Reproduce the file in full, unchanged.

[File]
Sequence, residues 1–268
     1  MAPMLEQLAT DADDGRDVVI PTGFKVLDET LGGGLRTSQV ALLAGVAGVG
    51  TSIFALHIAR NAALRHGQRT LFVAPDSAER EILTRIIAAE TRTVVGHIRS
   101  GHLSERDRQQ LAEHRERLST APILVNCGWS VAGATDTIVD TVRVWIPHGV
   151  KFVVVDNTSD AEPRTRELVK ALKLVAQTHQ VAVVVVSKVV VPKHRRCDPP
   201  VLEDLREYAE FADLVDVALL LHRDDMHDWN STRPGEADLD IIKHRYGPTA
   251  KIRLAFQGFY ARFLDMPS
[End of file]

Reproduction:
Sequence, residues 1–268
     1  MAPMLEQLAT DADDGRDVVI PTGFKVLDET LGGGLRTSQV ALLAGVAGVG
    51  TSIFALHIAR NAALRHGQRT LFVAPDSAER EILTRIIAAE TRTVVGHIRS
   101  GHLSERDRQQ LAEHRERLST APILVNCGWS VAGATDTIVD TVRVWIPHGV
   151  KFVVVDNTSD AEPRTRELVK ALKLVAQTHQ VAVVVVSKVV VPKHRRCDPP
   201  VLEDLREYAE FADLVDVALL LHRDDMHDWN STRPGEADLD IIKHRYGPTA
   251  KIRLAFQGFY ARFLDMPS